10 Reasons to go Pesticide* Free

The latest edition of the Overlook Views newsletter is being distributed now and you’ll find a few articles by Sustainable Overlook members. Overlook neighbor and landscape designer Mulysa Melco wrote an update on the group’s pesticide free neighborhood project and included a sidebar with 10 reasons people in our neighborhood feel non-toxic yard and garden care is important. Here is an expanded version of the list with References and Resources!

1. Better health for everyone! Yard and garden chemicals are linked to increased cancer risk and a host of other illnesses. Children, babies and pregnant women are especially vulnerable to toxin exposure, even in minute quantities.

American Academy of Pediatrics Recommendations to Reduce Children’s Exposure to Pesticides

Pesticide Action Network North America (PAN)

Beyond Pesticides

Metro : Why Care about Using Pesticides?

EPA: Why Children May be Especially Sensitive to Pesticides

2. Your garden will be happier. Without toxic chemicals, and with natural gardening practices like composting, the soil life and critters in your yard will create a more balanced ecosystem and that makes for stronger, more resilient plants.

Metro Natural Gardening tips 

Organic Consumers Association 

3. Food safety and security. One of the many benefits of growing your own food organically is feeling confident that what you’re eating is not contaminated with pesticides. Plus, a neighborhood that grows its own food it more resilient in a disaster.

Organic Consumer’s Union

Union of Concerned Scientists

Growing Power 

Mother Earth News: Why Grow Your Own Food? 

4. Lower your carbon footprint. Pesticides and synthetic fertilizers are petro-chemical based, so when you avoid them, you are using fewer fossil fuels.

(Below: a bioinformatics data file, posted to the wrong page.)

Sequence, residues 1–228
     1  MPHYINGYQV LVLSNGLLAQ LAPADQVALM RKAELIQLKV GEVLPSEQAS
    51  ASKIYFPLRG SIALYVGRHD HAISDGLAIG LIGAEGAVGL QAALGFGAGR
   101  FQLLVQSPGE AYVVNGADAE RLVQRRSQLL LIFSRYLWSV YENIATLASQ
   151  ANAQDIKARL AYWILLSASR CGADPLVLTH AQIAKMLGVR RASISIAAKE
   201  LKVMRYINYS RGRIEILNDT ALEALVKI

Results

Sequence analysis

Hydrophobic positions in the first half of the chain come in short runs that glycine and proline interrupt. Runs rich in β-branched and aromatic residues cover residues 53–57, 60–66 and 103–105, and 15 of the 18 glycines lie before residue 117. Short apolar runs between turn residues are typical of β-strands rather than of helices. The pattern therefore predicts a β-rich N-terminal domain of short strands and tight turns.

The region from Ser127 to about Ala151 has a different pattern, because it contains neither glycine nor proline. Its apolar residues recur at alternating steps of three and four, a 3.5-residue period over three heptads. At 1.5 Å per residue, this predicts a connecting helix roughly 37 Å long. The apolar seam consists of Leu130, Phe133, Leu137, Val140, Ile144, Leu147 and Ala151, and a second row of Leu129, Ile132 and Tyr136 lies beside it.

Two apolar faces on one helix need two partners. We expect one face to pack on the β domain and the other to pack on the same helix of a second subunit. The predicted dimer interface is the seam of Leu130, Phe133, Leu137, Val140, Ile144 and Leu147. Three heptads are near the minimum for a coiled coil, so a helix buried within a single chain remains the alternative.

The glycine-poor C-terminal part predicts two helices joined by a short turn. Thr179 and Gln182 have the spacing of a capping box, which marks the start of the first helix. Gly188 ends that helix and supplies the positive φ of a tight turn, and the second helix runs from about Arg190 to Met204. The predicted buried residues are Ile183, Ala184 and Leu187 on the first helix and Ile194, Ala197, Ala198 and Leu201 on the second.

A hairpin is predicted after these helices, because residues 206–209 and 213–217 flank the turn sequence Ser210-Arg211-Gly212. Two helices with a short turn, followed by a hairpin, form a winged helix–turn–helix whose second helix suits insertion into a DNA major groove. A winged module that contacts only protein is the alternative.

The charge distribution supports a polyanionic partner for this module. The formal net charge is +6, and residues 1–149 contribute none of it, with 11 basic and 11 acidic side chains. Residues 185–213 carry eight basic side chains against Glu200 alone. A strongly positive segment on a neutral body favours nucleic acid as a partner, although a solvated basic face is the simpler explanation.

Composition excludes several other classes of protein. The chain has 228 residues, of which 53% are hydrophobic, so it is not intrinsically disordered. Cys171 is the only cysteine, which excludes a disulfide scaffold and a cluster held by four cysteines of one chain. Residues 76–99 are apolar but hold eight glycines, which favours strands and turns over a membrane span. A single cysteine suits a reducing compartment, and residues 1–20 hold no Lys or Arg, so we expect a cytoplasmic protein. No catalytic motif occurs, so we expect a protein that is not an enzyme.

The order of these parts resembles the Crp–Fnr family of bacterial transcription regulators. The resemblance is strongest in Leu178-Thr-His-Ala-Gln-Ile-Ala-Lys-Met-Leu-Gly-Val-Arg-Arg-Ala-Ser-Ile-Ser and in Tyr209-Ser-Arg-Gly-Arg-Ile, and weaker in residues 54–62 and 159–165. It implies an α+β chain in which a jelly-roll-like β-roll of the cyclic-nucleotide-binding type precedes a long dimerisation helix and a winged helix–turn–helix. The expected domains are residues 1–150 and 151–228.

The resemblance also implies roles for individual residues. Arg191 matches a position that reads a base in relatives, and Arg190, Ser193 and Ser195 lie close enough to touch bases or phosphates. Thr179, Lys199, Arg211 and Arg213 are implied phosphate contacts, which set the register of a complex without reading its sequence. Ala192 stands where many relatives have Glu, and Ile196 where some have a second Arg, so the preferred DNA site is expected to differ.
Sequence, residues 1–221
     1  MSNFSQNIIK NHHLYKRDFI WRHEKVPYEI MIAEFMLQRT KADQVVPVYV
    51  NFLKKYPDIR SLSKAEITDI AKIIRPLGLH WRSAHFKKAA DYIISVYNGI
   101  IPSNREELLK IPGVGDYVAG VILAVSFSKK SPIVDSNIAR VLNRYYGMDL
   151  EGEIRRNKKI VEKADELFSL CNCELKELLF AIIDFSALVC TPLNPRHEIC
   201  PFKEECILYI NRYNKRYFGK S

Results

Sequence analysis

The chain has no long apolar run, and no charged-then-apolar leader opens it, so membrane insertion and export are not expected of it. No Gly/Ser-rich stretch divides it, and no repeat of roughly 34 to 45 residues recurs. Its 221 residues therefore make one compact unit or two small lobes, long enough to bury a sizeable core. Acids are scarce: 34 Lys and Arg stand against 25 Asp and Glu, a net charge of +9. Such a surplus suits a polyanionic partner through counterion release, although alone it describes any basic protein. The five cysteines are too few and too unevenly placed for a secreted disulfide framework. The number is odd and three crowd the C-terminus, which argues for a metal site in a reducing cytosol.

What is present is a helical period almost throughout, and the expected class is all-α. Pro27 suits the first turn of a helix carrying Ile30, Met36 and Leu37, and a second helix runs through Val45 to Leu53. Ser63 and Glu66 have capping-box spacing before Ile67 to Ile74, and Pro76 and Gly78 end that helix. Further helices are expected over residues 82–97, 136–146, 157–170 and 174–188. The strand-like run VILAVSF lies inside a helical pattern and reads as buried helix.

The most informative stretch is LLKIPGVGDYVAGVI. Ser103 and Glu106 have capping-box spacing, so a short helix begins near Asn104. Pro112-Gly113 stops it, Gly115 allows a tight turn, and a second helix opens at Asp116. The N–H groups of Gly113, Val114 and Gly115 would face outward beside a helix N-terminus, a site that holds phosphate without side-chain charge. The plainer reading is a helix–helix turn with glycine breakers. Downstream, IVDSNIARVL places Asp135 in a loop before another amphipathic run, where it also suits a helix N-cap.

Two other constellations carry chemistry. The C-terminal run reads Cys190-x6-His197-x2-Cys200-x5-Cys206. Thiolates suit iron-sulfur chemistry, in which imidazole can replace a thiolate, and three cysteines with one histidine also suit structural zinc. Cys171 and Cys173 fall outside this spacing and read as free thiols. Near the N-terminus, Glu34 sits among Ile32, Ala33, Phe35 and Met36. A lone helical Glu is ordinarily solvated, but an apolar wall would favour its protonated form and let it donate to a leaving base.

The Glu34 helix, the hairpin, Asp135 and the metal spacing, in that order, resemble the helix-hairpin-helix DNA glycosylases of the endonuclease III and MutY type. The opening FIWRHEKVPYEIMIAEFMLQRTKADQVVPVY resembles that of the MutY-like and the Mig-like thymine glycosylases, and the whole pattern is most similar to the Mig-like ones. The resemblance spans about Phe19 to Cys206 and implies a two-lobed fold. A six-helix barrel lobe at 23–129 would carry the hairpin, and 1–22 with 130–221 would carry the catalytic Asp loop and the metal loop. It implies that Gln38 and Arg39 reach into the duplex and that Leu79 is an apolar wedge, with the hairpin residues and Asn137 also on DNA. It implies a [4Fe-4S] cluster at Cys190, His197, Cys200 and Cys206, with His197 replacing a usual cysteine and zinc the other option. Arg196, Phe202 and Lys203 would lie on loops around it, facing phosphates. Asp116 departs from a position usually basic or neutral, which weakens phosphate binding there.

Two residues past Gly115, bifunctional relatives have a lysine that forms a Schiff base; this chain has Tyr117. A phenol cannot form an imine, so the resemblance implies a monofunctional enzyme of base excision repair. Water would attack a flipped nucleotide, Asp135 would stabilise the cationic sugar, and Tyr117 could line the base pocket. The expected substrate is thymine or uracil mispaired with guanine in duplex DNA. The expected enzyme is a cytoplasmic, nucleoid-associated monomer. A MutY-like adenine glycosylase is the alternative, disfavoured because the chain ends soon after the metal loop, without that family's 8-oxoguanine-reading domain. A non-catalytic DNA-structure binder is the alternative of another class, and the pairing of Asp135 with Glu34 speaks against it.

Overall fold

Transition US: Home and Garden Challenge

Union of Concerned Scientists: The Climate Friendly Gardener

5. Take good care of our pets. Dogs and cats are at risk from lawn and garden chemicals for some of the same reasons kids are – they are low to the ground, they touch and mouth everything and spend a lot of time outdoors. Pets’ risks of cancer and other health problems increase when they are exposed to lawn chemicals.

Metro:  Why Care about Using Pesticides?

Pesticide Action Network: Your Health– Home, Pets and Garden

Beyond Pesticides: Pets

6. Protect wildlife and save the bees! Songbirds, raptors, butterflies and our salmon population are threatened by pesticide use. Bees and other pollinators that we depend on for our food supply are under particular threat from neonic insecticides, common ‘all-in-one’ rose and shrub products.

Xerces Society 

Backyard Habitat Certification Program

7. Keep our water clean. Chemicals don’t stay put – they run off into waterways and soak into ground water. By avoiding them we can be good stewards of our drinking water, rivers and streams.

Clean Rivers and Streams

8. Save money and time. Natural gardening techniques tend to be much cheaper than buying products or hiring a chemical service, plus they require less labor in the long run.

SPIN Farming techniques (Small plot intensive farming)

Grow BioIntensive (Sustainable mini-farming)

9. Keep it local. Use your dollars to support local, green businesses, not big chemical corporations.

Supportland (rewards card for supporting local businesses.)

Chinook Book (coupons for locally owned nurseries)

Check this website in the future for a list of local, organic landscape designers, installers and maintenance companies.

10. Practice peace. The toxic ingredients in many garden products fight nature rather than work with it. Fostering natural balance in your yard is good for your health and spirit and is a kindness to your neighbors.

Forrest and Trica McDowell Creating Sanctuary 


*’Pesticide’ refers to insecticides, herbicides, fungicides, anti-microbials and other chemicals used to kill or deter pests.


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